IL-1β and IL-18 in the supernatant of BMDMs treated with nicotine were much higher than that of the NC group (Figure 4C). These effects could be reversed by ROS scavenger N-acetyl-cysteine (NAC), as the expression of IL-1β and IL-18 were down-regulated [IL-1β: HFD + nicotine (high) vs. HFD + nicotine (low), P=0.0055; HFD + nicotine (low) vs. HFD + nicotine (low) + NAC, P=0.0046; IL-18: HFD + nicotine (high) group vs. HFD + nicotine (low), P<0.0001; HFD + nicotine (low) vs. HFD + nicotine (low) + NAC, P<0.0001].
Concentrations of IL-1β and IL-18 in the plasma of ApoE(-/-) mice administrated with nicotine were much higher than that of the NC group (Figure 5G). In addition, silencing TXNIP by AAV harboring si-TXNIP in ApoE(-/-) mice could reduce IL-1β and IL-18 in the plasma of ApoE(-/-) mice [IL-1β: HFD + nicotine (high) vs. HFD + nicotine (low), P<0.0001; HFD + nicotine (low) vs. HFD + nicotine (low) + si-TXNIP, P=0.0068; IL-18: HFD + nicotine (high) vs. HFD + nicotine (low), P=0.0089; HFD + nicotine (low) vs. HFD + nicotine (low) + si-TXNIP, P<0.0001].
Figure 5. Nicotine exacerbates endothelial injury and atherosclerosis. (A, B) ApoE(-/-) mice fed a HFD and different concentrations of nicotine for 12 weeks, atherosclerotic lesion areas in the longitudinal-section of the aorta were estimated by Oil Red O staining (*P < 0.05, **P < 0.01, ***P < 0.001, ****P < 0.0001, n=6). (C, D) Atherosclerotic lesion areas in the cross-sections of the aortic root were estimated by Oil Red O staining (*P < 0.05, **P < 0.01, ***P < 0.001, ****P < 0.0001, n=6). (E, F) Vascular endothelium integrity of the brachiocephalic trunk cross-section was estimated through CD31 fluorescence intensity, with the degree of endothelial injury indicated by a lower fluorescence intensity (*P < 0.05, **P < 0.01, ***P < 0.001, ****P < 0.0001, n=5). (G) IL-1β and IL-18 from the plasma of ApoE(-/-) mice fed a HFD and different concentrations of nicotine for 12 weeks were analyzed (*P < 0.05, **P < 0.01, ***P < 0.001, ****P < 0.0001, n=5).
Nicotine exacerbates atherosclerotic lesions in ApoE(-/-) mice, which is mediated by TXNIP
ApoE(-/-) mice were divided into four groups: HFD, HFD + nicotine (high), HFD + nicotine (low), and HFD+nicotine (low) + si-TXNIP (AAV harboring si-TXNIP). All ApoE(-/-) mice were administrated with the experimental processing mentioned above for 12 weeks. We performed Oil Red O staining in the aortic root cross-sections and longitudinal-sectioning of the aortas. The HFD-induced atherosclerosis model was established based on ApoE(-/-) mice fed the HFD diet for 12 weeks having a larger atherosclerotic plaque area than that of ApoE(-/-) mice fed a normal diet (Supplementary Figure 1A, 1B, P=0.004). The results demonstrated that 12 weeks of nicotine-loading exacerbated atherosclerotic plaque. As the intake of nicotine increased, the proportion of atherosclerotic plaque area was also increased in the longitudinal and cross sections. As shown in Figure 5A, 5B, the plaque area in the longitudinal aorta section in the HFD + nicotine (low) group was larger than that of the HFD group (P<0.0001). Likewise, the HFD + nicotine (high) group expressed more severe plaque conditions than that of the HFD + nicotine (low) group (P<0.0001). After inhibiting TXNIP expression in mice, the HFD + nicotine (low) + si-TXNIP group showed a trend of improved atherosclerotic plaque lesions compared to the HFD + nicotine (low) group (P<0.0001).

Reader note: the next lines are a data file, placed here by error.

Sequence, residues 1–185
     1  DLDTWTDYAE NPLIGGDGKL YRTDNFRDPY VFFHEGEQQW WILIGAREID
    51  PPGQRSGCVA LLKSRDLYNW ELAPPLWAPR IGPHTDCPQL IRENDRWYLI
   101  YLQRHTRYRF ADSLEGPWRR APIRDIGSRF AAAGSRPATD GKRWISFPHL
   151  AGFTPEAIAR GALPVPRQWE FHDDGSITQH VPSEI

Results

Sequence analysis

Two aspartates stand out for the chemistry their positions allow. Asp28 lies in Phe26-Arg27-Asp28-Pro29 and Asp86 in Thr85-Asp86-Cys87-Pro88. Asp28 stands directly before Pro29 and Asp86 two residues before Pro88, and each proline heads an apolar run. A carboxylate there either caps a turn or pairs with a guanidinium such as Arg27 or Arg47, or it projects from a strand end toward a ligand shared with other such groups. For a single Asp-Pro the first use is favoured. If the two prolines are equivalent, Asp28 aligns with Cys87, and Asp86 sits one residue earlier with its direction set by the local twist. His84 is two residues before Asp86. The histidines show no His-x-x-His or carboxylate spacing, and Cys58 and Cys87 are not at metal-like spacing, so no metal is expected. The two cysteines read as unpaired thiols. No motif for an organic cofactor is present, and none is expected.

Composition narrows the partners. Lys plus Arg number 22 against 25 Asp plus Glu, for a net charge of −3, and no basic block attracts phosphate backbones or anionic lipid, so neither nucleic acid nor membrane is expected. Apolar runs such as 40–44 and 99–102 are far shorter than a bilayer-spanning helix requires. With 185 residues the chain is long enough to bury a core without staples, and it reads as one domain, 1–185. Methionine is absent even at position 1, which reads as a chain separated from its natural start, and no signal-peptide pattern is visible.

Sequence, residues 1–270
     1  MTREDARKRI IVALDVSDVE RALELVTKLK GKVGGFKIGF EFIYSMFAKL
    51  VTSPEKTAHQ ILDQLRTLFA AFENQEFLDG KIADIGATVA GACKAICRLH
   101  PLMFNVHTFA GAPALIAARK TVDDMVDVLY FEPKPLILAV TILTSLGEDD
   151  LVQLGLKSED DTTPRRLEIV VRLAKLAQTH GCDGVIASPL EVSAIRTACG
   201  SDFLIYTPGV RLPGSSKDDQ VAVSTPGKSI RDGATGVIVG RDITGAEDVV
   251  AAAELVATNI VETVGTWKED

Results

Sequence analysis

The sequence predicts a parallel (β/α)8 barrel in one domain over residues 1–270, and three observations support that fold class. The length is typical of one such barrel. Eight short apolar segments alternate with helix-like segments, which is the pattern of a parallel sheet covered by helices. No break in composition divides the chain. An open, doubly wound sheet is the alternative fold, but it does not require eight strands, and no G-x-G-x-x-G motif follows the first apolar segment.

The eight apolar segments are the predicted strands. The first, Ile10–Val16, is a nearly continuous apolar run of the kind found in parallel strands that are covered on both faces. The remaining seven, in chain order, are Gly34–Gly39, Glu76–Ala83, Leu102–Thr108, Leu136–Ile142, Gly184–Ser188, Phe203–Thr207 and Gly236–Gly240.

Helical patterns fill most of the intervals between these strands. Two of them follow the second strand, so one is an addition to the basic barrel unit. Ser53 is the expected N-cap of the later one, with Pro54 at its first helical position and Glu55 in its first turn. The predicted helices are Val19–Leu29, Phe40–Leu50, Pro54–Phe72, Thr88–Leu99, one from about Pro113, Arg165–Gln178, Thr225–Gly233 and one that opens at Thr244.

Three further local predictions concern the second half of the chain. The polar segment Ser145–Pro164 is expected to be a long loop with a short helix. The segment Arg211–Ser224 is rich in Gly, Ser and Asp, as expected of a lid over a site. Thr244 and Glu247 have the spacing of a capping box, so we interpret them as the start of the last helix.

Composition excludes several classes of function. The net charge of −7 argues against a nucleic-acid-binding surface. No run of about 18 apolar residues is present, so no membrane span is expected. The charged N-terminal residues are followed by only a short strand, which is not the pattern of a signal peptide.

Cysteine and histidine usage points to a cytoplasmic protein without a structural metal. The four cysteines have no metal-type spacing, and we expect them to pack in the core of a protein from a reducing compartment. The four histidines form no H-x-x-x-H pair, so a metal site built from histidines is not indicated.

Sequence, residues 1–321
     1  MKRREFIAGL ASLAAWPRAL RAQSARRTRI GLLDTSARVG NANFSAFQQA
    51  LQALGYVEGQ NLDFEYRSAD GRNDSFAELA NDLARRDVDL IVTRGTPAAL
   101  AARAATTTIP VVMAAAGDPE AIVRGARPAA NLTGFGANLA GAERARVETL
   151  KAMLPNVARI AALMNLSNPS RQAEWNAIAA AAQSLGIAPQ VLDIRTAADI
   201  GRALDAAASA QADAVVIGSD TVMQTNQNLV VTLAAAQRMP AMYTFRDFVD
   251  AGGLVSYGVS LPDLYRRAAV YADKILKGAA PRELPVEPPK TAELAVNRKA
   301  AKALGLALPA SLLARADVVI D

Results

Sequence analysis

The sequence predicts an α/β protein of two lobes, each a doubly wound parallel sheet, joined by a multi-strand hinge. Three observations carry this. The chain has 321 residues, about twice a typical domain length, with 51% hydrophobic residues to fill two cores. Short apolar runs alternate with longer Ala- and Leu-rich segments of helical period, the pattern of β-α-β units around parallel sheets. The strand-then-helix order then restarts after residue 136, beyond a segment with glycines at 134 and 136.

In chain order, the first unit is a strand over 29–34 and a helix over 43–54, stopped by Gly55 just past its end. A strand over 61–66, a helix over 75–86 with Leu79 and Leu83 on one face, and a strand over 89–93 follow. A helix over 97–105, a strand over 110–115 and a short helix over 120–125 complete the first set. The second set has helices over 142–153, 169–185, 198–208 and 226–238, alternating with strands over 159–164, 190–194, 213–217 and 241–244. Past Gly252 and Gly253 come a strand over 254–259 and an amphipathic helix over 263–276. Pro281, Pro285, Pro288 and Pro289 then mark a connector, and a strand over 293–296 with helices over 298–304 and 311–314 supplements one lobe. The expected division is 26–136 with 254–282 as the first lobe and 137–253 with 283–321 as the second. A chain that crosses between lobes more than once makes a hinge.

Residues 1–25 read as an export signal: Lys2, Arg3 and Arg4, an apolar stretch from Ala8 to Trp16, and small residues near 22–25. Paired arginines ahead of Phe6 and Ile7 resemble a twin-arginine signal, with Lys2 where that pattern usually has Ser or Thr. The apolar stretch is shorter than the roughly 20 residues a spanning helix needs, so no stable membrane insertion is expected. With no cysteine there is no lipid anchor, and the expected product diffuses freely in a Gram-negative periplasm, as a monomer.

A similar pattern of plaque lesions (Figure 5C, 5D) was seen in the aortic root cross sections. The proportion of plaque/cross-sectional lumen area in the HFD + nicotine (low) group was higher than that of the HFD group (P<0.0001). The HFD + nicotine (high) group suffered more significant plaque burden than the HFD + nicotine (low) group (P=0.0015). After silencing TXNIP, the plaque burden of the HFD + nicotine (low) + si-TXNIP group was improved compared to the HFD + nicotine (low) group (P<0.0001).
Nicotine aggravates endothelium injury in ApoE(-/-) mice with a HFD diet
The integrity of the vascular endothelium in the brachiocephalic trunk cross-section was estimated through labeling CD31 (endothelial cells) and α-SMA positive cells (vascular smooth muscle). The fluorescence intensity of CD31 in the cross-section was suppressed as the concentration of nicotine increased (Figure 5E, 5F). However, once TXNIP expression was inhibited, the fluorescence intensity of CD31 increased [HFD + nicotine (high) vs. HFD + nicotine (low), P=0.0006; HFD + nicotine (low) vs. HFD + nicotine (low) + si-TXNIP, P<0.0001]. The continuity of CD31 fluorescence, which represents the degree of vascular endothelial coverage in vessel lumen, was deteriorated with increasing concentrations of nicotine. Silencing TXNIP could block this effect of nicotine injury on the vascular endothelium.
Nicotine enhances macrophage chemotaxis and TXNIP expression in plaque